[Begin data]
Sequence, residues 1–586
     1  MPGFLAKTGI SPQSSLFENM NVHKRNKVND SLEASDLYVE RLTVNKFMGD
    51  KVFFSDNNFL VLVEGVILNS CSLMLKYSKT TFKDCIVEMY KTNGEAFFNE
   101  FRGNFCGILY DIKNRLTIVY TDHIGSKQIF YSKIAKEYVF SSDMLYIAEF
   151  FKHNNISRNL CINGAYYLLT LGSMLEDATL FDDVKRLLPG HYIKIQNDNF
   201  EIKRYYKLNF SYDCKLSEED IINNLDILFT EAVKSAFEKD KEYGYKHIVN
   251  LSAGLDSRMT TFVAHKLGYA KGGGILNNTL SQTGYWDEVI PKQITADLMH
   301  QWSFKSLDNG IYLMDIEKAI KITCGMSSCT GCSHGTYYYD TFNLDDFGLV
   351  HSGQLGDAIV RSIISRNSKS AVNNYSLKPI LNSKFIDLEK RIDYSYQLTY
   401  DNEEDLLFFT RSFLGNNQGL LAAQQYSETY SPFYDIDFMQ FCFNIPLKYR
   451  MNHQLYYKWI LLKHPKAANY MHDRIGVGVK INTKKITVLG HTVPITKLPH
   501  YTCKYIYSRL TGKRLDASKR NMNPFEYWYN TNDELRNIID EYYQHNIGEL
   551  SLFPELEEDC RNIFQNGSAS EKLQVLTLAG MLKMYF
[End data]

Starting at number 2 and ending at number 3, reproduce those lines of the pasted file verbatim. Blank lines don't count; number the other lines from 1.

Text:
     1  MPGFLAKTGI SPQSSLFENM NVHKRNKVND SLEASDLYVE RLTVNKFMGD
    51  KVFFSDNNFL VLVEGVILNS CSLMLKYSKT TFKDCIVEMY KTNGEAFFNE